Local governments and their personnel are the
first line of defense when it comes to protecting the public from
natural or man-made disasters. Access to reliable and interference-free
public safety spectrum is an essential part of that first response.
Existing Law and Challenges
Public safety spectrum has been allocated in small sections that
lie adjacent to and in-between spectrum sections allocated for commercial
use. At times this mixed use results in interference or complete
dead zones. While using different equipment can reduce this interference,
purchasing, installing and training personnel on this equipment
is often too costly a solution for local governments.
There is enormous competition for spectrum use, especially as providers
attempt to roll out 3G, wireless video, and wireless Internet access
services, but the FCC has been reluctant to require providers to
address interference issues. Local governments have been promised
federal aid to purchase communications network equipment necessary
to respond to increased Homeland Security threats, but most of the
money has not yet been allocated. There has been an increased federal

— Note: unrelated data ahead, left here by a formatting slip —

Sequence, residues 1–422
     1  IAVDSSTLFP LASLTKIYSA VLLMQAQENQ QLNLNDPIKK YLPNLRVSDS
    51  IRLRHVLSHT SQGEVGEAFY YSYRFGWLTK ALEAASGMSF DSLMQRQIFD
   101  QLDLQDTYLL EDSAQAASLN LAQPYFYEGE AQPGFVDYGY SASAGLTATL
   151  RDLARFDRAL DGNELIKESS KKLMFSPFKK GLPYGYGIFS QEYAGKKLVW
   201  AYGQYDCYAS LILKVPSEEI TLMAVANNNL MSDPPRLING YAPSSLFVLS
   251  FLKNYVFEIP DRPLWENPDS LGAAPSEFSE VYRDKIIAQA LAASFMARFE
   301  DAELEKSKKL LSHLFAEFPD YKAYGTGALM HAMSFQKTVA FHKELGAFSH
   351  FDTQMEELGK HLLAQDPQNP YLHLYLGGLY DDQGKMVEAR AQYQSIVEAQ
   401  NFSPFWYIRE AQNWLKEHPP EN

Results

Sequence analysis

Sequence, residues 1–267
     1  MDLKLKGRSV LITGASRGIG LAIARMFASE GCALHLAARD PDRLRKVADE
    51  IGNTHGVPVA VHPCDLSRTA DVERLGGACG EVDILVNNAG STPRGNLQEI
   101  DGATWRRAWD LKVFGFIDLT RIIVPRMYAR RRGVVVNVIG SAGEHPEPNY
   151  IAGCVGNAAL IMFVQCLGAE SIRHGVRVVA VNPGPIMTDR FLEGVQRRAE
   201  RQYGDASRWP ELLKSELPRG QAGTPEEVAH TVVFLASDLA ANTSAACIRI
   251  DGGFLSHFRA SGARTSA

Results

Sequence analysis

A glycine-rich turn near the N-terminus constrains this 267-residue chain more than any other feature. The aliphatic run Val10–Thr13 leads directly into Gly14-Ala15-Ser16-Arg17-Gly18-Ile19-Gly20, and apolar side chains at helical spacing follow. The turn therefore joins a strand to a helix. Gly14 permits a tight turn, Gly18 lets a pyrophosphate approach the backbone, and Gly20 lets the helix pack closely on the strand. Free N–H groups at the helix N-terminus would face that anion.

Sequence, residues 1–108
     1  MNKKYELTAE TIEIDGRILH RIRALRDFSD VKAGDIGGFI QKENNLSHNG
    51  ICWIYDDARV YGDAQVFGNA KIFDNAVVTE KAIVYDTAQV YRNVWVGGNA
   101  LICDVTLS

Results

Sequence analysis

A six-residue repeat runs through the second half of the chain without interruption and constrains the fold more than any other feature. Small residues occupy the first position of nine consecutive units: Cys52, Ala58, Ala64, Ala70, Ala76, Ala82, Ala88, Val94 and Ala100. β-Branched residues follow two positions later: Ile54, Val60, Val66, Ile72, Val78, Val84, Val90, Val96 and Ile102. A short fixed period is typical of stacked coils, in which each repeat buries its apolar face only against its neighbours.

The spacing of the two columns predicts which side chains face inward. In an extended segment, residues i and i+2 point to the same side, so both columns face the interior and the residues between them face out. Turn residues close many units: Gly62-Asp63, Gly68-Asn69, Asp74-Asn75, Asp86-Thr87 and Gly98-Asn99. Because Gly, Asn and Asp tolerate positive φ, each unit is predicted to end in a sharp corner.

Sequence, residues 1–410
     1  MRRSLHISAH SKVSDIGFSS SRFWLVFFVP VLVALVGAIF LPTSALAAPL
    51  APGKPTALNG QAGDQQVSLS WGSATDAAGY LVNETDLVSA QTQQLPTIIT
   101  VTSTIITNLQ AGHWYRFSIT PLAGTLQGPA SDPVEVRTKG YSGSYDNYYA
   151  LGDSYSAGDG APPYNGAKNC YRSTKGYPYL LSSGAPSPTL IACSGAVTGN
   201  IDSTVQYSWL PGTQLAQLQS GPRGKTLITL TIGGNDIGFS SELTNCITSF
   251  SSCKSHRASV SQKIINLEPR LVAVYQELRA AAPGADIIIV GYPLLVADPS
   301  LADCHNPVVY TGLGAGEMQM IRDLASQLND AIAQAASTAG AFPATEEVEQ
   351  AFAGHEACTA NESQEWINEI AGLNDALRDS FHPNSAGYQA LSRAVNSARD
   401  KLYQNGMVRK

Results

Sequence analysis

effort to recapture spectrum for public safety use, but such recapture
not likely to happen for several years. The transition to digital
television would require broadcasters to return their analog spectrum
by 2006, but the analog spectrum return date may be pushed back
if specific digital television penetration rates have not been met.
TeleCommUnity urges Congress to support first responders by:
- Allocating adequate and sustained funding that goes directly
to local governments to manage and improve their use of the public
safety spectrum including interoperability programs.
- Setting aside interference free spectrum for public safety
uses including high speed and video transmission to and from first
For More Information
Congressional Testimony on First Responder
Interoperability: "Can You Hear Me Now?"
Presented by TeleCommUnity and National Association of Counties
Before the House Committee on Government Reform, Subcommittees on
National Security, Emerging Threats and International Relations
and Technology, Information Policy, Intergovernmental Relations
and the Census
November 6, 2003
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